Huh. So we're all sticking to the surface of this planet based on a theory. So tell me... the world is round right? Or is that a theory too and there's some cliff a little beyond the sunset and we're all going to fall off the edge of the earth and be eaten by monsters?
    I think if Thomas Jefferson were looking down, the author of the Bill of Rights, on whats being proposed here, hed agree with it. He would agree that the First Amendment cannot be absolute. - Chuck Schumer (D). Yet, Madison and Mason wrote the Bill of Rights, according to Sheila Jackson Lee, 400 years ago. Yup, it's a fact.


  7. #267
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    Re: O'Donnell Questions Separation of Church, State in Senate Debate

    Quote Originally Posted by Gray_Fox_86 View Post
    OMG!?!

    This post is why I fear American's role as the world's superpower. Yikes!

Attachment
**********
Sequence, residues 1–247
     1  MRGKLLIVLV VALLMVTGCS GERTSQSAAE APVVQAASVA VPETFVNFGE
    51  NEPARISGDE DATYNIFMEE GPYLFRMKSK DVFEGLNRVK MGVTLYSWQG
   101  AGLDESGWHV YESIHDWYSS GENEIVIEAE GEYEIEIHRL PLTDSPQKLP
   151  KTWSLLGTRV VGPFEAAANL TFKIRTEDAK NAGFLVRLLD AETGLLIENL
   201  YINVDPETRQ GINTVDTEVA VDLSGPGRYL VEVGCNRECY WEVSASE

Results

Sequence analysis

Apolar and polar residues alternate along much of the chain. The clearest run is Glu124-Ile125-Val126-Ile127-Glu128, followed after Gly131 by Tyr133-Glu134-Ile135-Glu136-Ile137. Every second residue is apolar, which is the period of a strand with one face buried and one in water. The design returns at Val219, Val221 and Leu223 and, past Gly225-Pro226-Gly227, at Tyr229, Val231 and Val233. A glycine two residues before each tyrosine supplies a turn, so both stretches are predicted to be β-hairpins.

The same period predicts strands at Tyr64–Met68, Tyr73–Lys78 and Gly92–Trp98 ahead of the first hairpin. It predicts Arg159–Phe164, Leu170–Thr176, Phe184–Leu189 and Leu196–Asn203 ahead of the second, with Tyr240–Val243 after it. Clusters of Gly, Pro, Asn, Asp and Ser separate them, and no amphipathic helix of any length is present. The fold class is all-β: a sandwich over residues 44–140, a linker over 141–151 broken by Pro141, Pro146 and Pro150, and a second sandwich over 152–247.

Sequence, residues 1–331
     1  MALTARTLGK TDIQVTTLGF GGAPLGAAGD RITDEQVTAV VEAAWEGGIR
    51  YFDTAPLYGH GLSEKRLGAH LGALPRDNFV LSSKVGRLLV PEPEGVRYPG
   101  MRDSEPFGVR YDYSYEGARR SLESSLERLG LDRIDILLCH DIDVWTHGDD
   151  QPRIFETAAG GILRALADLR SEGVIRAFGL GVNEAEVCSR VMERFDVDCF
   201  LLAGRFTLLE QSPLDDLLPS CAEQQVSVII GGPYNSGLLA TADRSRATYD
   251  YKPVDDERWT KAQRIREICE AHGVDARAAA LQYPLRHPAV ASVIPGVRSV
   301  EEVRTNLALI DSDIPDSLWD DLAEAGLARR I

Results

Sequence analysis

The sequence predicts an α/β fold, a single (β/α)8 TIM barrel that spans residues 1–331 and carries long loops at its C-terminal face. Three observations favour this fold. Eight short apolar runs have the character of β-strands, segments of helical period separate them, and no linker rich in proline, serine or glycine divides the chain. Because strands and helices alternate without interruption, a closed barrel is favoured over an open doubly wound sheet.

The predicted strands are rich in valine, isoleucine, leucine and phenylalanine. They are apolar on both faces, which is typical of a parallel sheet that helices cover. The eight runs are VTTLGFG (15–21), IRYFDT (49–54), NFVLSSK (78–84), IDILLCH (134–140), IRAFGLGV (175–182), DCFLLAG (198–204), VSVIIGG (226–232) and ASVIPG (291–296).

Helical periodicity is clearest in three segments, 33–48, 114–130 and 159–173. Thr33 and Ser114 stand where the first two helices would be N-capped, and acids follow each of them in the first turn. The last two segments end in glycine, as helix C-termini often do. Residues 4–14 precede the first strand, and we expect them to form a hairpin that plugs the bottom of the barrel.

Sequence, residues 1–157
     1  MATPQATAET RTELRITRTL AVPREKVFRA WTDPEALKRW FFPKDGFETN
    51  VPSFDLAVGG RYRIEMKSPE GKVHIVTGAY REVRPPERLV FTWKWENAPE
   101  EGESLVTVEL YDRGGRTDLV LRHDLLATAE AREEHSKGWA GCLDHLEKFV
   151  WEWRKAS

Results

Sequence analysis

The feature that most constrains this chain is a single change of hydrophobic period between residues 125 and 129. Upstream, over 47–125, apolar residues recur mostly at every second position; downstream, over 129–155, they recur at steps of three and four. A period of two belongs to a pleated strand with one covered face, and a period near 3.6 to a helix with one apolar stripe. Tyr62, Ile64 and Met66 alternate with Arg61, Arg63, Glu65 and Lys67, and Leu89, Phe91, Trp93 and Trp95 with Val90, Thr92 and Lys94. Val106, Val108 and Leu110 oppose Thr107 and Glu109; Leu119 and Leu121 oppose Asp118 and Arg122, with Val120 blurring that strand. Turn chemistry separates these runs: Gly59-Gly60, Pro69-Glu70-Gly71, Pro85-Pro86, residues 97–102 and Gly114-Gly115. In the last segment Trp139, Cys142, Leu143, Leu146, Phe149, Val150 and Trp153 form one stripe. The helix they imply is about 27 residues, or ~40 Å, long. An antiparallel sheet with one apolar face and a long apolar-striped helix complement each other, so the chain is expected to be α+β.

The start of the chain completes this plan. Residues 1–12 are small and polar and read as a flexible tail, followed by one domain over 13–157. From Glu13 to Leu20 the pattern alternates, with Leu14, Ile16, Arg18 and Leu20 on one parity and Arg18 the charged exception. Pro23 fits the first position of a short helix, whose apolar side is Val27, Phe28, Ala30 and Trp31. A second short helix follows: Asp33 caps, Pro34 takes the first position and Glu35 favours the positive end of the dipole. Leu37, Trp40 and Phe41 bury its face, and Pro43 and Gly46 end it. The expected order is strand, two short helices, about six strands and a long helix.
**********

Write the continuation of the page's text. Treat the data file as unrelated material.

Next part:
And yet, you still don't know. How'd it begin? What created that first living cell. Where did that first drop of water come from? What created that first two parts hydrogen and one part oxygen.

    The arrogance to pretend to know something that you - or anyone - could not possibly know is astounding. You just throw insults and run. Must come from getting stuffed in too many trash cans once upon a time.

    Einstein believed in a higher being. Take it up with him.

  8. #268
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    Re: Oh no you just didn'!

    Quote Originally Posted by CriticalThought View Post
    Um...actually yes, the theory of relativity was a hypothesis that has been repetitively tested. Hundreds of times in fact in various different experiments.
    Sure it's been tested. But it didn't start out as a hypothesis that was repeatedly tested and eventually became a theory. Completely false. The theory provided a new model to account for existing, known phenomena that had startling implications. It wasn't that scientists tested the "relativity hypothesis" - the relativity theory suggested multiple, new hypotheses that were tested and confirmed.